If you don’t do your due diligence in leaving with ample time, or getting directions, you will likely arrive at the last minute — harried and looking unprofessional.

If other speakers are before you, sit in to get a sense of the tone of the meeting, and how the audience is responding.

By arriving early, you can talk to audience members, and further customize your presentation. And, of course, this allows you time to check your appearance, do some breathing exercises, check your equipment, and to be there to welcome the audience members as they arrive.

Assumption #7 — If I get off the platform/stage, I will be closer to audience members

Many speakers wrongly believe getting off a platform or stage will help them better connect with audience members. But, in fact, the majority of the audience won’t be able to see them when on the same level.

Do your homework. Learn exactly who is in the audience.

Getting into the audience can work effectively only if …

  • It’s a small audience
  • The room is set up for this
  • You are tall enough to be seen.

Most of the time, the speaker’s need to get closer to the audience can be an annoyance to audience members when they don’t know where to look.

Stay on the platform or stage, and connect with large audiences in better ways, like using questions to get participants to raise hands, and interactive exercises in subgroups.

In a larger venue, try to have the room arranged with several aisles. That way, if you do walk into the audience, you will have a place to go.

Assumption #8 — If I speak at my normal speed, everyone will understand me.

The standard rate of speech in the United States is 120 or 160 words per minute. This varies in different parts of the country.

Speakers need to adapt their rate regionally, as well as when the information is technical and people need time to absorb it, and also when English isn’t a first language. If they don’t adapt, participants may not understood what they’re saying, or key concepts may be missed.

How to Fix Your Faulty Assumptions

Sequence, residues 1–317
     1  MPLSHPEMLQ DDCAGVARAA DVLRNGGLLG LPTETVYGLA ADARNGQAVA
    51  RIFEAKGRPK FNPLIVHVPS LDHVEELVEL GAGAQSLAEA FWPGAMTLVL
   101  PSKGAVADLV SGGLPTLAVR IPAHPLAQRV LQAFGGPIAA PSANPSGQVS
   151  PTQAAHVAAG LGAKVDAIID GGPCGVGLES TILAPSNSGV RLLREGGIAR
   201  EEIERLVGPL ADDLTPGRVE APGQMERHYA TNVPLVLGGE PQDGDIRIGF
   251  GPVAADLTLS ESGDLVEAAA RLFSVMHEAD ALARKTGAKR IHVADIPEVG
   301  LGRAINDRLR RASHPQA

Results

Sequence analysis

Now that you’ve identified these faulty assumptions, how do you fix them?

Speaker’s Faulty Assumption Impact on Presentation How to Fix It
Topic knowledge = ability to speak on it. Delivering the wrong message to the wrong audience at the wrong time. Spend time preparing. Determine your PAL™ (Purpose, Audience Logistics)
Audience members are mind readers. Confused people who don’t “get” your main point. Repeatedly provide specific takeaway points in a clear, concise way. Use preview, internal summaries and reviews.
Can share all topic details learned in 3 months in a 20-minute speech. Overwhelmed audience. Determine the must know, should know and could know. Less is more.
All audience members
are equal.
Not all audience members are necessarily the same (knowledge, job level & decision-making role). Delivering the right information to the wrong audience can ruin your credibility and show you’re not prepared. Find out who you are speaking to before you present — do research online, speak to clients, arrive early to interview some members, etc. Know who your “real audience” is.
There’s no need to practice my presentation out loud. Making mistakes and fumbling — appearing unprepared and unprofessional. Practice out loud three to six times. Simulate the environment, including use of slides.
There’s plenty of time to get to my speech location; no need for directions. Arriving at the presentation/meeting looking harried. Lacks professionalism. Use Google Maps or MapQuest, go the client’s website or call your contact person. Leave plenty of time!
Getting off the platform/stage brings me closer to my audience. Most audience members won’t be able to see you when on the same level and will get annoyed. Connect in better ways, using questions and interactive exercises.
My rate of speech is fine for audience members to understand me. Speaking quickly can lose your audience members’ attention, and prevent the message from being properly conveyed. Adapt rate accordingly to regions, when the information is technical and also when English isn’t a first language.